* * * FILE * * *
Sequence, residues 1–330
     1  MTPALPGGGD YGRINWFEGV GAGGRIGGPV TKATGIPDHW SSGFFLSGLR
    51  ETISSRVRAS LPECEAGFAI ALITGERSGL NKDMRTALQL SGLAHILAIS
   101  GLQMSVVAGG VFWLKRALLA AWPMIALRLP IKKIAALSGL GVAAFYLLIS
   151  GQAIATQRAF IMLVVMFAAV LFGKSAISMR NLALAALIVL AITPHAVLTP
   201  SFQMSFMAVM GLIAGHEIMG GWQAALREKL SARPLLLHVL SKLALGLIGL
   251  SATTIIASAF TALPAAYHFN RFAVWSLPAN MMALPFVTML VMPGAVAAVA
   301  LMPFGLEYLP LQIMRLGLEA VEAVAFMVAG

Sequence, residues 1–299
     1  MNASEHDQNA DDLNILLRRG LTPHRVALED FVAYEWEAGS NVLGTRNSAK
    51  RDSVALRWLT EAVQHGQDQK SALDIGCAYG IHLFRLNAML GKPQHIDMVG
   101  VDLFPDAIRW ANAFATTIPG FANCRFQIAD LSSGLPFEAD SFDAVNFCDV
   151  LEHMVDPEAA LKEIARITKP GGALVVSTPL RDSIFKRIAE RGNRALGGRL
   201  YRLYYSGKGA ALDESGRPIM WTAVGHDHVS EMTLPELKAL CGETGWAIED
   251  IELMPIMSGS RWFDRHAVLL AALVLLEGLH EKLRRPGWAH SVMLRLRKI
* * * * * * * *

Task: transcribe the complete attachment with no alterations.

Sequence, residues 1–330
     1  MTPALPGGGD YGRINWFEGV GAGGRIGGPV TKATGIPDHW SSGFFLSGLR
    51  ETISSRVRAS LPECEAGFAI ALITGERSGL NKDMRTALQL SGLAHILAIS
   101  GLQMSVVAGG VFWLKRALLA AWPMIALRLP IKKIAALSGL GVAAFYLLIS
   151  GQAIATQRAF IMLVVMFAAV LFGKSAISMR NLALAALIVL AITPHAVLTP
   201  SFQMSFMAVM GLIAGHEIMG GWQAALREKL SARPLLLHVL SKLALGLIGL
   251  SATTIIASAF TALPAAYHFN RFAVWSLPAN MMALPFVTML VMPGAVAAVA
   301  LMPFGLEYLP LQIMRLGLEA VEAVAFMVAG

Sequence, residues 1–299
     1  MNASEHDQNA DDLNILLRRG LTPHRVALED FVAYEWEAGS NVLGTRNSAK
    51  RDSVALRWLT EAVQHGQDQK SALDIGCAYG IHLFRLNAML GKPQHIDMVG
   101  VDLFPDAIRW ANAFATTIPG FANCRFQIAD LSSGLPFEAD SFDAVNFCDV
   151  LEHMVDPEAA LKEIARITKP GGALVVSTPL RDSIFKRIAE RGNRALGGRL
   201  YRLYYSGKGA ALDESGRPIM WTAVGHDHVS EMTLPELKAL CGETGWAIED
   251  IELMPIMSGS RWFDRHAVLL AALVLLEGLH EKLRRPGWAH SVMLRLRKI